A series on Cassandra: Part 3: Advanced features

Flavian Alexandru
Jan 15, 2019 · 4 min read
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Clustering columns and range queries

Clustering columns are a simple of telling Cassandra or DSE how to keep things ordered in a specific way. What’s the main advantage? That on every insert Cassandra will have its usual PAXOS fun and end up inserting the record in its right place according to the ordering criteria you defined through your clustering columns.

When you will later query those columns for data, the great benefit you get is that you no longer have to worry about sorting your data. This can help you get incredible performance out of queries, and it is very powerful in instances such as time-series data.

The CQL modelling is done like this:

user_id uuid,
id uuid,
time date,
PRIMARY KEY((user_id), id, date)

Here we have a way to store all events generated by a user ordered by time in naturally descending order. What this empowers us to do is to get a list of the last N events that took place without needing to re-sort. This will be done using range queries. To model the same in phantom, have a look at the below. We are intentionally using JodaTime, however a plain old Java Date would do just fine.

import com.outworkers.phantom.dsl._case class EventsByUser(
user: UUID,
event: UUID,
time: DateTime
abstract class EventsByUsers extends Table[EventsByUsers, EventsByUser] {
object user_id extends UUIDColumn with PartitionKey
object event extends UUIDColumn with ClusteringOrder with Ascending
object time extends DateTimeColumn with ClusteringOrder with Descending

One trick of the trade is that you will need to directly specify a clustering order for every column that is part of the Primary key. You don’t need to do this for the partition key.

Now you can run range queries:

object EventsByUsers extends EventsByUsers with DbProvider {
def getSlice(
user: UUID,
start: DateTime,
end: DateTime
): Future[Seq[EventsByUser]] = {
db.eventsByUser.select.where(_.user_id eqs id)
.and(_.time gte start)
.and(_.time lte end)

Counter Columns

Counter columns are another incredibly powerful and easy to use feature pre-packaged in CQL and Cassandra. They offer you a simple way of doing distributed atomic counts directly with the help of the database while rarely if ever at all having to worry about the consistency of the data over your clusters. So how do counters work?

Let’s have a look at a “real-world” example:

id uuid,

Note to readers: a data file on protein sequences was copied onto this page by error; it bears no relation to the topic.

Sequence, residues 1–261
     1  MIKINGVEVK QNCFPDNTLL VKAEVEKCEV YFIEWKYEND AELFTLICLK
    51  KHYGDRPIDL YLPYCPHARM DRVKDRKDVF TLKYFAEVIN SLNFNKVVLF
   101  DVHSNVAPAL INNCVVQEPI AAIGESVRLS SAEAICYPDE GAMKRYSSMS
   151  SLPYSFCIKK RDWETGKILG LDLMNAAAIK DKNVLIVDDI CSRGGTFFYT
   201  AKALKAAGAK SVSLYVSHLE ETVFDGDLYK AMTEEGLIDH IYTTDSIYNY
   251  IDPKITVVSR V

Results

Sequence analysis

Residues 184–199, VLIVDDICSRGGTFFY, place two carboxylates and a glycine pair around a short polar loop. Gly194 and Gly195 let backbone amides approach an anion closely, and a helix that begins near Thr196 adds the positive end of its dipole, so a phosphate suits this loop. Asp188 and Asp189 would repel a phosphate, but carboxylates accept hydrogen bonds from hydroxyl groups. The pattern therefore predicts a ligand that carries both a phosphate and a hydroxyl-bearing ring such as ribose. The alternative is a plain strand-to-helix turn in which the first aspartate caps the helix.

count counter

This is a very simple and straightforward way of counting things in distributed fashion, and it is just as easy to replicate in Scala using Phantom DSL.

import scala.concurrent.Future
import com.outworkers.phantom.dsl._
case class TestRecord(id: UUID, count: Long)abstract class TestTable extends Table[TestTable, TestRecord] {
object id extends UUIDColumn with PartitionKey
object count extends CounterColumn

What you now have is the ability to count whatever combination of unicity your primary key defines, meaning you can count anything you want, just as if you had an AtomicInteger at hand, except this time it’s trivial to share it across all your machines and applications.

And you can simply query for it using Phantom:

object TestTable extends DbProvider {
def getCount(id: UUID): Future[Option[Long]] = {
db.testTable.select(_.count).where(_.id eqs id).one()

Static Columns

Static columns are an easy way of sharing the same data across the same data partition. For instance, this is specifically useful when you want to implement a one-to-many relationship and one of the fields of data in the “many” part is shared.

A very simple example would be grouping team members by the id of a team. What you get is a one-to-many relationship between the team’s id and each of the individual team members, but the id of the team’s couch would stay the same.

Let’s try and model this in CQL:

CREATE TABLE TeamMembersByTeam(
team_id uuid,
team_member_id uuid,
couch_id uuid static,
PRIMARY KEY(team_id, team_member_id)

Now if you haven’t missed out on our introduction to this series on Cassandra, you probably know that’s how to define a one-to-many in CQL. The catch is that the ID of the team’s couch will now be shared for all team members, meaning that if you update it for one of the team members it will also be updated for all others.

This is also quite nice and easy to model in phantom:

import com.outworkers.phantom.dsl._case class TeamMember(team: UUID, id: UUID, couch: UUID)abstract class TeamMembers extends Table[TeamMembers, TeamMember] {
object team_id extends UUIDColumn with PartitionKey
object team_member_id extends UUIDColumn with PrimaryKey
object couch_id extends UUIDColumn with StaticColumn

If you enjoyed this article, follow us on Twitter and stay tuned for more: @outworkers_uk. Outworkers is an elite marketplace for Scala engineers with a unique out-staffing model. If you’re looking for high level Scala expertise to transform your business and applications, give us a call and we will give you an incredible definition of engineering!

Want to learn more?

As official Datastax partners, Outworkers offers a comprehensive range of professional training services for Apache Cassandra and Datastax Enterprise, taking your engineering team from Cassandra newbies to full blown productivity in record time. Our example driven courses are the weapon of choice for companies of any size and if you happen to be a Scala user, we will also throw in a professional training session on using phantom in your company. All of our face-to-face training courses come with free ongoing access to our online training material.

For enquiries and bookings, please contact us by email at office@outworkers.com.


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